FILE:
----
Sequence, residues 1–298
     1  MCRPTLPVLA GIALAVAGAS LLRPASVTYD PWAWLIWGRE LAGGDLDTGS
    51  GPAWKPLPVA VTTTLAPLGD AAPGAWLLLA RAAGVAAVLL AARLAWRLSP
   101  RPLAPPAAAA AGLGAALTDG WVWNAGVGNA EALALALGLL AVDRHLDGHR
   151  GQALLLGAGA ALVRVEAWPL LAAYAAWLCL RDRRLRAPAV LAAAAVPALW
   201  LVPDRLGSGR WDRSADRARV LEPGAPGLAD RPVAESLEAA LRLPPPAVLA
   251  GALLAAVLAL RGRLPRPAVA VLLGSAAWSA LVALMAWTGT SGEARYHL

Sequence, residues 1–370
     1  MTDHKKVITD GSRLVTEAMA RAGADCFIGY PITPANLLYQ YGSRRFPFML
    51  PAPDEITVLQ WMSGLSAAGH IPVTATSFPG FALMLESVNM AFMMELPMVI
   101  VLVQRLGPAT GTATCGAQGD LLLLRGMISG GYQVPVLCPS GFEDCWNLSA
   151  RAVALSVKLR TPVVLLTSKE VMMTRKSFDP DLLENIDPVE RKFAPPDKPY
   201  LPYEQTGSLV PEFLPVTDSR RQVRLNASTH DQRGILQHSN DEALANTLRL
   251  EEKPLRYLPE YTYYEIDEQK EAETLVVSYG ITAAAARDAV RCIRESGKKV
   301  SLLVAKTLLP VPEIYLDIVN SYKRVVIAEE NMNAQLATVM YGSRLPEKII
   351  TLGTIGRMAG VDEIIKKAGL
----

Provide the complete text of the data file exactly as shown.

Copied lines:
Sequence, residues 1–298
     1  MCRPTLPVLA GIALAVAGAS LLRPASVTYD PWAWLIWGRE LAGGDLDTGS
    51  GPAWKPLPVA VTTTLAPLGD AAPGAWLLLA RAAGVAAVLL AARLAWRLSP
   101  RPLAPPAAAA AGLGAALTDG WVWNAGVGNA EALALALGLL AVDRHLDGHR
   151  GQALLLGAGA ALVRVEAWPL LAAYAAWLCL RDRRLRAPAV LAAAAVPALW
   201  LVPDRLGSGR WDRSADRARV LEPGAPGLAD RPVAESLEAA LRLPPPAVLA
   251  GALLAAVLAL RGRLPRPAVA VLLGSAAWSA LVALMAWTGT SGEARYHL

Sequence, residues 1–370
     1  MTDHKKVITD GSRLVTEAMA RAGADCFIGY PITPANLLYQ YGSRRFPFML
    51  PAPDEITVLQ WMSGLSAAGH IPVTATSFPG FALMLESVNM AFMMELPMVI
   101  VLVQRLGPAT GTATCGAQGD LLLLRGMISG GYQVPVLCPS GFEDCWNLSA
   151  RAVALSVKLR TPVVLLTSKE VMMTRKSFDP DLLENIDPVE RKFAPPDKPY
   201  LPYEQTGSLV PEFLPVTDSR RQVRLNASTH DQRGILQHSN DEALANTLRL
   251  EEKPLRYLPE YTYYEIDEQK EAETLVVSYG ITAAAARDAV RCIRESGKKV
   301  SLLVAKTLLP VPEIYLDIVN SYKRVVIAEE NMNAQLATVM YGSRLPEKII
   351  TLGTIGRMAG VDEIIKKAGL